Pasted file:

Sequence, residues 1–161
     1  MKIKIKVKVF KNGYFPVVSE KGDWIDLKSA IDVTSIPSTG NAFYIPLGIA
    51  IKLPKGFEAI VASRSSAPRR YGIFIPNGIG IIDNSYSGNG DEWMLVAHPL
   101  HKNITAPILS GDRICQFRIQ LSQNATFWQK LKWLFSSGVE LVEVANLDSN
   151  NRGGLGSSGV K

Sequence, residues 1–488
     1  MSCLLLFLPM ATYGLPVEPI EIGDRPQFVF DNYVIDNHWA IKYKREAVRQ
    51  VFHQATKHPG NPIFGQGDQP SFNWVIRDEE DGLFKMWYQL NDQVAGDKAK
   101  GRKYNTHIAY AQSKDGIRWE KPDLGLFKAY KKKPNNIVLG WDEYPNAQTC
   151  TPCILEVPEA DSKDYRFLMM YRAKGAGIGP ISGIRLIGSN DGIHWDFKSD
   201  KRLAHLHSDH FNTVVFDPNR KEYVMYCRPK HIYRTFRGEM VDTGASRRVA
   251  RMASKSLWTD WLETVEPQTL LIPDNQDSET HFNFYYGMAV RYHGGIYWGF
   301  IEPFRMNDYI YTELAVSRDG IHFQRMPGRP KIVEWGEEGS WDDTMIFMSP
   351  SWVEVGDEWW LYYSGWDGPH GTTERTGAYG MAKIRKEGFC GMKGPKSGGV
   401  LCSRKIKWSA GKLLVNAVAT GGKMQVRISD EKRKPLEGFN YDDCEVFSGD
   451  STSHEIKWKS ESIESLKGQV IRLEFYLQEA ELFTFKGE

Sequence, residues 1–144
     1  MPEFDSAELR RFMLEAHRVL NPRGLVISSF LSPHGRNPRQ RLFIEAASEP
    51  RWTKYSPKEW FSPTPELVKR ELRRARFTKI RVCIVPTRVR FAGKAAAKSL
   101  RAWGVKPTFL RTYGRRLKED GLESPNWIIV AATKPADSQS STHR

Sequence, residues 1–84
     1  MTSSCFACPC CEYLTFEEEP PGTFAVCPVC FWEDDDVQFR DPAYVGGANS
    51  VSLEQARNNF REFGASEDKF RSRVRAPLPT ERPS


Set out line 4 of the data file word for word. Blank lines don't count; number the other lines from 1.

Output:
   101  HKNITAPILS GDRICQFRIQ LSQNATFWQK LKWLFSSGVE LVEVANLDSN